How to Plan a Simulation:
Advice from the BC Simulations Faculty Cohort
This guide features ideas and strategies for those interested in incorporating simulations into their teaching practice. These principles are adapted from the practice and theorization of simulations generated by the 2017-2018 “Simulations in the Classroom” Faculty Cohort. While simulations can vary according to class context and take many different forms, success always depends on effective planning ahead of time and debriefing afterwards. For more information about using simulations in teaching, please contact firstname.lastname@example.org.
- While this guide is not prescriptive, it lists practices other instructors have found helpful in working with simulations in their teaching. These are all things to consider BEFORE you’ve introduced the simulation to the class. Fore more information about using simulations in the classroom, please email email@example.com.
- Identify Learning Objectives
- Clear, focused skills that students will attain through the simulation
- Brainstorm: Use these learning objectives to determine form simulation will take
- Will you use technology? Will the activity be face to face?
- Will students work in teams or on their own?
- Choose your role: Will you facilitate or observe, and to what extent will you intervene?
- Create a practical plan. Things to consider:
- Logistics – space, communication, prep work
- Sequence of activities – flow of content, student engagement
- Timing – one day vs. multiple days, including time for adjustment and assessment
- Plan for assessment:
- Analyse the tasks involved in the simulation, and find a variety of low-stakes opportunities for assessment. Many low-stakes tasks (with or without grading) will encourage students to take risks in their application of new skills.
- What will you assess? Consider assessing both process (student performance within the simulation: collaboration, preparation, groupwork, participation, etc.) and product (graded work that is based on the simulation: briefing papers, PowerPoints, student reflections, etc.). You could also include peer input if the simulation involves collaborative work.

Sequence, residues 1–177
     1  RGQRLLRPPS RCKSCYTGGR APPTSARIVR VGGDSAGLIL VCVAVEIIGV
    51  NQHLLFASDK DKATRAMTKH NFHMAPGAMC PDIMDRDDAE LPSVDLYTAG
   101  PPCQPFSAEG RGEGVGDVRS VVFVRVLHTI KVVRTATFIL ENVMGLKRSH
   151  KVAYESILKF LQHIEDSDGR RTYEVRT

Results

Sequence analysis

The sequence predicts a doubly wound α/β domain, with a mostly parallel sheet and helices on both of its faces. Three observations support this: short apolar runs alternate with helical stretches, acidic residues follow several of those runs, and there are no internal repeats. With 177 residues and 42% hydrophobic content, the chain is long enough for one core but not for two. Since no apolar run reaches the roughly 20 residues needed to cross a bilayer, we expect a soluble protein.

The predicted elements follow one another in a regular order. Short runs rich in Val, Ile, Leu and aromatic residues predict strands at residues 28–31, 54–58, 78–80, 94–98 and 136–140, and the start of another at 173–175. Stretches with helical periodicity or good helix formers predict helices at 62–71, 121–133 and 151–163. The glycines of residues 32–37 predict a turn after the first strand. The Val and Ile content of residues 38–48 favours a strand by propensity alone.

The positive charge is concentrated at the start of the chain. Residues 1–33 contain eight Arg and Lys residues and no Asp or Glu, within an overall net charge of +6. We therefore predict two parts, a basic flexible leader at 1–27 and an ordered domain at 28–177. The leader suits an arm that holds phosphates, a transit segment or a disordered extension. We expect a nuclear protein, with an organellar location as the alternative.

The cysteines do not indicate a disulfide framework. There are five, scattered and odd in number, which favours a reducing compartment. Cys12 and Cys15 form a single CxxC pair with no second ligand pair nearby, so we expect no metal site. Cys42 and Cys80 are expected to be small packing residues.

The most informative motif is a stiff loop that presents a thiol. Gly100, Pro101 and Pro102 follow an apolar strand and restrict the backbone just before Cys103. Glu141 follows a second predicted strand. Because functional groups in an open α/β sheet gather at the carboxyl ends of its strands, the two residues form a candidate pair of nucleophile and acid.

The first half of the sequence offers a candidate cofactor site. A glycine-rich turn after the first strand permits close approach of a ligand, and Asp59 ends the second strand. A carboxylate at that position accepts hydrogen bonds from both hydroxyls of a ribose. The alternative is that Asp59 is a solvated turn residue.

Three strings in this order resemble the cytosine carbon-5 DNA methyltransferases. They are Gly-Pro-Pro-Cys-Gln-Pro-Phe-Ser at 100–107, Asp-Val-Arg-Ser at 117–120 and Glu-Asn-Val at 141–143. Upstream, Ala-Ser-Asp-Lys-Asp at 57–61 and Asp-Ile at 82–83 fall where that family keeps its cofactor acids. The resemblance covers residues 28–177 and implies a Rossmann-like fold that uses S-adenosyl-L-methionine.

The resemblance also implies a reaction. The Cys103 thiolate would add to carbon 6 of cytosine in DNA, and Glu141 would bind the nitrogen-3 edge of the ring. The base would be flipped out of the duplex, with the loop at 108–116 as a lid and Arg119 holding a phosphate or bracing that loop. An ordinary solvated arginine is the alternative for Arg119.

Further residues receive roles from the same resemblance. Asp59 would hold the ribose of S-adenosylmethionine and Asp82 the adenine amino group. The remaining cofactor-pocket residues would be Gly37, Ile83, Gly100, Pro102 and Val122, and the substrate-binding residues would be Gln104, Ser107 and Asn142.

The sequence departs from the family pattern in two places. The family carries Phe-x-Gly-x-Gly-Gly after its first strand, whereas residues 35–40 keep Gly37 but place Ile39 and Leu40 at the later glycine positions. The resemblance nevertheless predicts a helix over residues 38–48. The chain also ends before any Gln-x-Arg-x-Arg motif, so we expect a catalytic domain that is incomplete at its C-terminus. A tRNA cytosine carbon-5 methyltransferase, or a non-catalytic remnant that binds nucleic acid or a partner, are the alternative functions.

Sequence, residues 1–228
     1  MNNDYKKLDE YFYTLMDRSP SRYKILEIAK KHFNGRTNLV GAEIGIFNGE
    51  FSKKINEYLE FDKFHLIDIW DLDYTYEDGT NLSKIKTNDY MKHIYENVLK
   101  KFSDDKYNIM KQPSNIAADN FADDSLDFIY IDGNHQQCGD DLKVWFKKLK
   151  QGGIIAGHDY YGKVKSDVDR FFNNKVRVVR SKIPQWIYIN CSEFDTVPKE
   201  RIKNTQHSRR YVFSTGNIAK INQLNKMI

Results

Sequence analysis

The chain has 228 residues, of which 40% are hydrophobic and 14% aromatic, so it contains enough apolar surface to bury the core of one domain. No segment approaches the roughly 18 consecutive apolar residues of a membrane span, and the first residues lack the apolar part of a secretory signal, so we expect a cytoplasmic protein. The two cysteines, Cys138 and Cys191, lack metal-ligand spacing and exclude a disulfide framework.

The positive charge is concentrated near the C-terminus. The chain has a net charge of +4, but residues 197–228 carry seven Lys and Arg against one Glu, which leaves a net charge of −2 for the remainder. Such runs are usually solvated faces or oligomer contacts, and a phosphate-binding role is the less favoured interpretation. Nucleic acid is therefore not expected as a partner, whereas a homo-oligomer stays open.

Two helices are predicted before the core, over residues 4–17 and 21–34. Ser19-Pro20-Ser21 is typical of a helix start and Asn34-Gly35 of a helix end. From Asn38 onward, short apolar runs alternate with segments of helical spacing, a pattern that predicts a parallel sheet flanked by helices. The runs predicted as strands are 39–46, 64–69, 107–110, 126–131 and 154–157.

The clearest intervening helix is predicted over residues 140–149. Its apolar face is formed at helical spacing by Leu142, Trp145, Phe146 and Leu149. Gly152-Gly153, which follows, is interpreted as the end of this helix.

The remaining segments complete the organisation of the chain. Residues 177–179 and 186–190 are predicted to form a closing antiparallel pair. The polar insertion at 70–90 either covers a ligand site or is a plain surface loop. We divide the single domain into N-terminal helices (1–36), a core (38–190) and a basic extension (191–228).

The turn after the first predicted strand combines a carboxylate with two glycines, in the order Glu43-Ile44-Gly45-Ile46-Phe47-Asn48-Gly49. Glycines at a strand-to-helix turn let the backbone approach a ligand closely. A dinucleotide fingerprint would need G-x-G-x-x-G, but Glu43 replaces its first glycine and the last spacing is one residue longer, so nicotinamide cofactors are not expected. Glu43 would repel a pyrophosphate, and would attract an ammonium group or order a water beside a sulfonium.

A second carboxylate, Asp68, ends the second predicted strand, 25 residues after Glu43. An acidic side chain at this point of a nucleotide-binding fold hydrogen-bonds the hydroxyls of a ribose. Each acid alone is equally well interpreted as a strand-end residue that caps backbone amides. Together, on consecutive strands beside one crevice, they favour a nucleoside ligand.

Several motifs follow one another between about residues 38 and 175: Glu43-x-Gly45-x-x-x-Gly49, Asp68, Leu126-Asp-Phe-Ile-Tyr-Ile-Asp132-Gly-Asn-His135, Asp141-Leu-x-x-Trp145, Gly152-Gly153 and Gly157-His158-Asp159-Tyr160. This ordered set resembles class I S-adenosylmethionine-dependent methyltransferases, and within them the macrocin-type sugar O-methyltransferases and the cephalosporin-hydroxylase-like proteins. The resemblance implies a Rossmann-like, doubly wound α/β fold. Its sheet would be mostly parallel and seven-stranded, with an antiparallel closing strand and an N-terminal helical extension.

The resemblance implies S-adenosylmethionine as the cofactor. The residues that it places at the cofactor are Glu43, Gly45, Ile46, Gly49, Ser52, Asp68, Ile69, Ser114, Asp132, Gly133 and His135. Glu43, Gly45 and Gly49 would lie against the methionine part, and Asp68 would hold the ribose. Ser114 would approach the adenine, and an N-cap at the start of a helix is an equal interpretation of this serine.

- Create guides or rubrics and share them with students ahead of time. Clear communication makes assessment efficient and consistent and guides students as they prepare for and carry out the simulation.
- Test your activity before you try it with students. It’s also a great idea to talk through your plans with your colleagues or in a confidential consultation with the CTE (firstname.lastname@example.org).
- A 3-step model of 1.) reflection, 2.) analysis, and 3.) application can direct students to attend to what is important and learn constructively from their experience.
- Consider using different formats for these different steps. Potential formats include: written vs. oral responses, individual vs. group-work, feedback surveys, plus/delta charts, etc.
- Dedicate class time to debrief the simulation. Roughly 50% of time spent in simulation should be spent on debriefing.
- Explicitly framing your summary as your unique perspective, open the classroom debrief with a narrative account of the simulation to offer a starting point for student reaction and reflection. Then, invite students to share their experience and take-aways from the simulation. This can help students to synthesize their experience in relation to simulation learning goals and larger course objectives.
A good summary of the 3-step debrief process was given to the Faculty Cohort by Dr. Erin Baumann. You can view her presentation slides below:
[iframe src=”https://cte-migration.cdil.dev/wp-content/uploads/2018/10/BC-Cohort-Decoding-the-Debrief-4.pdf” width=”100%” height=”500″]
Dr. Erin Baumann, SLATE, Harvard Kennedy School